We've certainly seen Mother Nature go from one extreme to the next in recent months. Given the incredibly dry April and May experienced this spring, it is difficult to comprehend that February was actually the wettest on record. Let us not forget that this also followed the consistently above-average rainfall throughout autumn and winter too.

However, a generally kind March and early April allowed for some substantial spring cropping. While somewhat of a forced change for many, this - coupled with the extremes in weather - has significantly impacted the nutrition requirements for this and potentially next year's crops.

Continue reading
  1306 Hits
  0 Comments
1306 Hits
0 Comments

Potatoes - Meeting nutrition demands

Potato nutrition demand

Potatoes are not unique in this respect, but virtually all of their macro-nutrients applications are made before the crop is planted and well before the peak uptake of nutrients that happens 60-75 days after emergence. This, coupled with the plant's naturally poor inherent ability for rooting, means that efficient uptake of nutrients is always challenging.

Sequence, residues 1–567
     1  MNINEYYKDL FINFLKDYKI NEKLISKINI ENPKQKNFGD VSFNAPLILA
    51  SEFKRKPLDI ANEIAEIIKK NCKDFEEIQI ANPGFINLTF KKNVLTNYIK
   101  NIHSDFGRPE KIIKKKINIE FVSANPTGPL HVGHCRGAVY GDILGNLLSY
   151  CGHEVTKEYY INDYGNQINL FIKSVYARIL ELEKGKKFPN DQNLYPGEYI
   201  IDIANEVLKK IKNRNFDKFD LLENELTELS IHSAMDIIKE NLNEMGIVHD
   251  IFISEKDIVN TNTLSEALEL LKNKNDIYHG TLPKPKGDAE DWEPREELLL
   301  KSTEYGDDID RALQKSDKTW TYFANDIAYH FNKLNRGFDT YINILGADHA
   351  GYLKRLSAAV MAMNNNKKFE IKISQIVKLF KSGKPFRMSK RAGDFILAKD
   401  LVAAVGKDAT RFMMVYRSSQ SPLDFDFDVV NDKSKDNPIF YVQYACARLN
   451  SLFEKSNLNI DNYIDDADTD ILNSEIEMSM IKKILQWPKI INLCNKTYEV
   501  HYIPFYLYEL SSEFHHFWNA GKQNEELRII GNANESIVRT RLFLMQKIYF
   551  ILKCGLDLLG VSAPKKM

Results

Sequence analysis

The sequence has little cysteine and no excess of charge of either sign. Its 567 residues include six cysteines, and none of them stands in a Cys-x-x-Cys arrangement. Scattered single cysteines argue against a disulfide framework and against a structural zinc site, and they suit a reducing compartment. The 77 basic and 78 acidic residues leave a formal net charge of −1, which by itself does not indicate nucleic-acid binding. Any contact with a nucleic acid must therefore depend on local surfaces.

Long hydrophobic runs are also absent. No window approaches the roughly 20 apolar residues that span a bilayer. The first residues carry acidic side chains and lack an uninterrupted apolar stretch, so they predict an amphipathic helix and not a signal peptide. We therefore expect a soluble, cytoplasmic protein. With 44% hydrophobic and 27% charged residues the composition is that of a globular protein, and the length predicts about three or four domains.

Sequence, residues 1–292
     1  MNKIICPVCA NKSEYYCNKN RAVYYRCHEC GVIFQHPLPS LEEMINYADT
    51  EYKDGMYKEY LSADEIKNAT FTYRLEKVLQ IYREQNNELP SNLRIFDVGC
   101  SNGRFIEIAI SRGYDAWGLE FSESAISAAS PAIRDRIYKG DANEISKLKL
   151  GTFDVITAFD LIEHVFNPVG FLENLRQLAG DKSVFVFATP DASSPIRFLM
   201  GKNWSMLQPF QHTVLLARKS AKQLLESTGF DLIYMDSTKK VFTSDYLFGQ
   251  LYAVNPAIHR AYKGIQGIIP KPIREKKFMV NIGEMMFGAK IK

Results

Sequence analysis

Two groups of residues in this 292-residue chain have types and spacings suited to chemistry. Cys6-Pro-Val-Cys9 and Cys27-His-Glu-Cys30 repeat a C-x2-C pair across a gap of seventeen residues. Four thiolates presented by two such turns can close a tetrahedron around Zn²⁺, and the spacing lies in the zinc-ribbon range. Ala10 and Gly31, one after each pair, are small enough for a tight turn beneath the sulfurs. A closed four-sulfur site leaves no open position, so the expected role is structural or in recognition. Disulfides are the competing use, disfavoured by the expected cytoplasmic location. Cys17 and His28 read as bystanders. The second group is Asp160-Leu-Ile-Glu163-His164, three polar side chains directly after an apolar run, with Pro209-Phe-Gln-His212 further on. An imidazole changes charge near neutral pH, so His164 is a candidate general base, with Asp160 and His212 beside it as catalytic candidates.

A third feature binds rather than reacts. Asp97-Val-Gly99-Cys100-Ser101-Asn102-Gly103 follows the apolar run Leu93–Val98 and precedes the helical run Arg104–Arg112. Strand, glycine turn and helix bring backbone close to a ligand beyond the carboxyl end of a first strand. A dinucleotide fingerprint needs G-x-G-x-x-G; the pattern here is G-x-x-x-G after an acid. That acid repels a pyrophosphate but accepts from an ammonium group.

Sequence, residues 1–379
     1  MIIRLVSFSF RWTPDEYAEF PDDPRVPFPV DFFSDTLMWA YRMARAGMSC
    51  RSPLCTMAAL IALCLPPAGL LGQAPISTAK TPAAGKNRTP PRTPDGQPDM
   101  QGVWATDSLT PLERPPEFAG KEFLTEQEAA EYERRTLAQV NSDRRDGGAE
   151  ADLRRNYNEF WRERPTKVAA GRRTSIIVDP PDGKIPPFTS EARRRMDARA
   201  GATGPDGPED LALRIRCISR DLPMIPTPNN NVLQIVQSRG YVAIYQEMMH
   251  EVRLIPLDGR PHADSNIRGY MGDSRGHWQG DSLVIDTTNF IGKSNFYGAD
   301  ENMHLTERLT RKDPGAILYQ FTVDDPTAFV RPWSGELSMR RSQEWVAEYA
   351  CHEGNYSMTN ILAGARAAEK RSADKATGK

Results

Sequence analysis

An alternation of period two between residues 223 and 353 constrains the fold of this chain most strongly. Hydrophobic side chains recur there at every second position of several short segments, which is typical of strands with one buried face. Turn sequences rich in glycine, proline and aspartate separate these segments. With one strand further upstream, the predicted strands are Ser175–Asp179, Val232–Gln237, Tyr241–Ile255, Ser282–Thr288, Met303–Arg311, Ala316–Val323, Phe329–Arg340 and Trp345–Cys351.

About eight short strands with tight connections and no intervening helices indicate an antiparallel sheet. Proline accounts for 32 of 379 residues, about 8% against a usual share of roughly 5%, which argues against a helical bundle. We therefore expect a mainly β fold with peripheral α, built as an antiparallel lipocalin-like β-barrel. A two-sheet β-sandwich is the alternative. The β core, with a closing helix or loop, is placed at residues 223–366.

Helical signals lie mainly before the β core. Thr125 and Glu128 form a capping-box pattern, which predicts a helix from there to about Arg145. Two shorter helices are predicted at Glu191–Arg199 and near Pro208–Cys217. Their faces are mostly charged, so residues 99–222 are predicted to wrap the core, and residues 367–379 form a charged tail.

Continue reading
  1402 Hits
  0 Comments
1402 Hits
0 Comments

Carbon Farming: Part Three

ley

​In our last two carbon management blogs, we've been talking about the role agriculture plays in annual carbon emissions and the ways in which growers can reduce their environmental impact through natural capital management. 

Now, while many farmers are choosing to take progressive steps towards carbon management, the law also obligates conventional farmers with over 15 acres of land to create Ecological Focus Areas (EFAs)...

Continue reading
  1081 Hits
  0 Comments
1081 Hits
0 Comments

Carbon Farming: Part Two

soil-carbon

This is part two in our carbon management blog series. To read part one, click here.

Farmers are in a unique position of having great power to implement carbon sequestration measures. Carbon sequestration is the technical term for carbon capture. Carbon can be captured in the oceans, in natural rock formations, and in the earth. As an industry that deals heavily in soil management, agriculture is in a unique position for optimising on carbon sequestration opportunities.

Continue reading
  1271 Hits